Automation - what has almost become a magic word among the management of a host of companies in a wide variety of industries is causing serious headaches for employee councils and labor unions. Automation promises effectiveness, efficiency, standardized business processes – in short: more output for less input, faster and more reliable. But the costs seem high. The fear that automation kills jobs is felt every week in newspapers and evening news. The conclusion is obvious: if a machine takes over the manufacturing of products from now on, what will become of the employees who had previously performed this task?
First of all, such fears aren’t entirely unjustified per se. The problem, however, is that the discourse about the pros and cons of automation is being highly dramatized. Meaningful, rational objections quickly turn into apocalyptic doomsaying. At the heart of such emotional reactions is often a misconception as to how the automation of work actually happens right now.
At the speed at which technologies are evolving these days, you sometimes feel like you’re in a science fiction movie. But here’s the reality check: we’re not quite there yet. The complexity and possibilities of artificial intelligence and robotics have grown rapidly in recent years, but the completely self-sufficient use of intelligent machines in our business processes is still largely a dream of the future. Whether actual robots or automated software, in the vast majority of cases the machines still require human input and control. Yes, we call it artificial intelligence, but the dimensions of this kind of intelligence are still a matter of interpretation.
Of course, some fields of work are more affected than others. Manual work, especially in manufacturing, is already largely done by machines. Creative or complex strategic decisions, however, cannot yet be taken over by the ‘bots’.
The false conclusion, however, is that with the automation of manual labor, jobs simply disappear. This is often not thought through to the end: Yes, if assembly is carried out by machines, the company naturally needs fewer workers who stand ready in the workshop with hammers and drills. However, there is a new need. The machines have to be controlled, maintained and checked – by humans.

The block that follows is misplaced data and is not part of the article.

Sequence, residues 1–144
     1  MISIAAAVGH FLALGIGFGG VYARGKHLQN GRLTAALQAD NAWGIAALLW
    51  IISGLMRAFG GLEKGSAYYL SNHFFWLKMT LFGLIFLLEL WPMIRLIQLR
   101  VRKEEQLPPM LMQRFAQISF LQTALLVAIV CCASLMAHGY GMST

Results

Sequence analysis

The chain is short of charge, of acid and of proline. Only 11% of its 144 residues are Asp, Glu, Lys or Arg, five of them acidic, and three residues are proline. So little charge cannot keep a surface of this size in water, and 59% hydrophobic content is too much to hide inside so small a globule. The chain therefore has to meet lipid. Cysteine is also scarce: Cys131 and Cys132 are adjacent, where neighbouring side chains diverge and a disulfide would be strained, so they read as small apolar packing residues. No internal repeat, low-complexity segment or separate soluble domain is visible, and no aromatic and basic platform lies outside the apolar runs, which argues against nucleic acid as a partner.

So what we are seeing in the increasing automation of work environments is not a collapse of jobs, but a shift in responsibilities. This clearly means that both employers and employees must adapt. Companies have a responsibility here to offer their workforce opportunities for further education and retraining.
The question of the shifting of work, though, is being given an interesting new perspective these days with robotic process automation (RPA). Instead of physical machines, this method uses software robots, i.e. programmable and sometimes self-learning computer programs that automatically perform routine tasks in common software applications.
Does this mean that accounting or finance departments have to fear for their jobs? Of course not. On the one hand, RPA is not yet ready to take over entire fields of work independently – there are simply too many complex variables when dealing with software. On the other hand, the following also applies here: the software robots must likewise be monitored and trained. What’s required is a lateral movement within work structures.
Simply put, no. But what the automation trend is doing is changing our understanding of work, routine tasks and standardization. Many fields of work, from warehouses to accounting departments, will shift in their responsibilities.
In order to face these developments adequately, companies from all industries need to train their employees and prepare them for new work situations. This applies even to educational institutions whose range of programs should reflect the changed work environment.
Don’t worry – the rebellion of thinking machines is still a long way off.
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